A new market for physician practice acquisition has developed. ASC (Ambulatory Surgical Centers) owned Anesthesia practices and GI Anesthesia groups, which hold long-term contracts with Gastroenterology ASC’s, are now in demand. Larger companies are snapping them up at good prices. It is definitely a seller’s market — for now. You should take advantage of this situation.
Your Contracted Rates are Probably too low
Current reimbursement contracts from insurance companies for patients treated at GI Anesthesia practices tend to be 25-30% less than what larger, dedicated Anesthesia groups can negotiate. This means your practice is at a disadvantage financially. You’re just not close. Large anesthesia groups can make more money than you can from your smaller practice, and they are willing to pay you accordingly.
Financial Pressures Are Increasing
Reimbursement for GI Anesthesia services is going to decrease. For example, Alabama Blue Cross/Blue Shield is considering a reimbursement of only 25% for the use of Propofol.
Compliance in order to receive reasonable reimbursement is also becoming more difficult. The challenges of implementing ICD-10 and demonstrating Meaningful Use are just two examples.
Managing the staffing and benefits for Anesthesia providers can be painful as well. As practicing Gastroenterology becomes more complicated and more costly, many Gastroenterologists find it is tough to properly manage the challenges of their Anesthesia business endeavors.
Why Do Larger Companies Do Better?
Balancing reimbursement and compliance risk/burden is their expertise. More important, they can leverage the earnings (EBITDA) of acquired practices with Wall Street and/or private equity money to finance the acquisition of more groups. Size creates efficiency, savings and benefits for investors. This creates opportunity for GI groups beyond sales to hospitals or other physicians.
In one example, a company purchased a large GI group in Georgia. They followed this purchase with two smaller ones in March 2015. They believe they have the potential to not only grow revenues via future accretive acquisitions but also through organic growth of the acquired business.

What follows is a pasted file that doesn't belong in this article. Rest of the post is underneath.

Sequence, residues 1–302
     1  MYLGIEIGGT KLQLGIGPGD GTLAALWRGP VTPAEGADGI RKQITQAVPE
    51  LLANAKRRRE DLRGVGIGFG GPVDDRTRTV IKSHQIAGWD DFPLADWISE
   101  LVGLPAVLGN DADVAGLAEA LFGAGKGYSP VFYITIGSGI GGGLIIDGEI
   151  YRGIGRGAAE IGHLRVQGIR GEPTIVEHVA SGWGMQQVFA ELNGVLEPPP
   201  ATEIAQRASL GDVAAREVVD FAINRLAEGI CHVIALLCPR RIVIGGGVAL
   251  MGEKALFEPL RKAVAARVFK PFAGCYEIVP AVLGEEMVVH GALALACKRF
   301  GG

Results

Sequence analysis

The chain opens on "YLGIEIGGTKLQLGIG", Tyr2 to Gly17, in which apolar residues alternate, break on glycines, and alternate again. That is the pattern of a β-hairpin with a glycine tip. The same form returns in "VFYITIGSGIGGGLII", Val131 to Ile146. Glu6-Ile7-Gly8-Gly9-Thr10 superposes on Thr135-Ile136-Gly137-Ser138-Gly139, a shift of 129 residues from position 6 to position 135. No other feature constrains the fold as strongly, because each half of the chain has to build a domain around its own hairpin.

In a more recent transaction (AnesthesiaStat was the consultant), the seller was able to achieve a market-leading multiple after careful consideration and skilled negotiation. Medical, business and legal questions added complexity and required care, but AnesthesiaStat managed these issues adeptly.
Make the Deal Yours
AnesthesiaStat can also help you consider other options. For example, a partial sale can help maintain some cash flow and allow you to benefit from better management and “income repair”. Individuals worried about out-of-network charges and balance billing can address these concerns during the negotiation. Anesthesia staff is typically maintained, but new staff can be hired if desired.
Selling a GI Anesthesia practice allows you to cash out now, when the market is favorable, avoiding future risks. The buyer can use its superior management skills to get better reimbursement and reduce anesthesia billing, compliance and collections costs. The key for you is to make sure you receive a price commiserate with your practice’s earning potential. The advice and support of AnesthesiaStat will help you achieve this. More information is available at anesthesiastat.com.